When an individual makes the decision to become an Electric Lineman, it is typically due to a passion for the outdoors, a lack of desire to sit in an office for forty hours each week, or a need for variety in their work. Linemen are constantly working hard to keep electricity functioning in a safe and effective manner. When the weather is so severe that the power goes out, they brave the storm and put in the extra hours to quickly restore it. One could say that linemen are servants of their communities—the National Rural Electric Cooperatives Association International and State Electric Cooperatives give linemen the opportunity to be servants of the globe.
Since 1967, the Powerline program at Northwest Iowa Community College has educated over 2,000 alumni and over the years, many have been involved in projects within the United States through the National Rural Electric Cooperatives Association, or NRECA. In 2019, three NCC Powerline Alumni were presented with the opportunity of a lifetime—to participate in the first NRECA International project for Iowa’s Electric Cooperatives. This global service project was designed to extend electric service for the first time to the village of Salina 7 Cerros in north central Guatemala. When the Iowa Association of Electric Cooperatives reached out to all eleven of the state’s electric cooperatives for volunteers, three linemen, Mike Berkenpas, Quentin Fischer and Bob Ruby, quickly agreed to be involved.
Mike Berkenpas, a 2006 graduate of the Powerline program, is employed as the Lead Lineman for Northwest Rural Electric Cooperative in Le Mars, IA. When Mike decided to follow in a family member’s footsteps and become a lineman, he never imagined opportunities like this one would arise. A fellow lineman on his crew had previously participated in a NRECA hurricane relief project, and Mike had been longing for an opportunity like this ever since. Once Mike had the chance to volunteer, he signed on without hesitation.
The Electric Cooperatives of Iowa, Illinois and Wisconsin joined forces with NRECA International to formulate Partners for a Brighter Tomorrow, which included the team of twelve electric co-op linemen from Iowa, Illinois and Wisconsin, that would complete the international project and the funding to make it possible. Each state assigned a lead lineman to be in charge of planning the project, and Mike happily agreed to represent Iowa.
In June of 2019, Mike and the lead linemen from Illinois and Wisconsin traveled to Guatemala for the first time to formulate plans for the project. This trip was planned to be one week in length, and due to the extremely poor road conditions in Guatemala, it took two days alone to simply drive to the village. Upon finally arriving in the village of Salina 7 Cerros, Mike was shocked by the living conditions. Immediately he noticed the creek running through the village and observed that it was where the citizens bathed, did laundry and gathered their drinking water. The homes consisted of dirt floors and straw roofs, and a few pieces of wood served as a bed. These people had virtually nothing. Seeing the living conditions on this initial trip gave Mike a deeper desire to help the people in the village. He traveled back to the United States humbled and ready to return to Guatemala with the team of linemen and get the project started in the coming months.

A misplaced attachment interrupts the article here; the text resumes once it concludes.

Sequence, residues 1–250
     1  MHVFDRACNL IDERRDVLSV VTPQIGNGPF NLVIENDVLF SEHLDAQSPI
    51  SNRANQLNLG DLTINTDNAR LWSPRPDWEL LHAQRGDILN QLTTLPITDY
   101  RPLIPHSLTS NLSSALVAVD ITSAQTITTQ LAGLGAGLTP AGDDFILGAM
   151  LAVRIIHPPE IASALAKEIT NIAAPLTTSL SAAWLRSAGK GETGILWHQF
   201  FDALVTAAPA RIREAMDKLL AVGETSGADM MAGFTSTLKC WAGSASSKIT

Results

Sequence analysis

Quentin Fischer is the second alumnus that participated in the project. Quentin, a 2009 graduate of NCC’s Powerline program, is employed as a Journeyman Lineman for Linn County REC in North Liberty, IA. Becoming a lineman was an easy choice for Quentin as he loves the outdoors and he also has a family history in electrical work. He has a passion for service work, including a mission trip to Juarez, Mexico, and a national hurricane relief project in Georgia. Quentin stated, “Being able to have a positive impact during hard times is life-changing. Now every opportunity I get to help others, I am on board!” He volunteered for the project in a heartbeat.
In October of 2019, the team of twelve linemen traveled to Guatemala to begin the venture, many of them meeting for the first time. Despite three of the four Iowa linemen being NCC Alumni and working for Iowa Cooperatives, Mike, Quentin and Bob had never met. After experiencing delayed flights and intense culture shock, the team arrived at their hotel in Playa Grande, Ixcan, the closest city to the village of Salina 7 Cerros.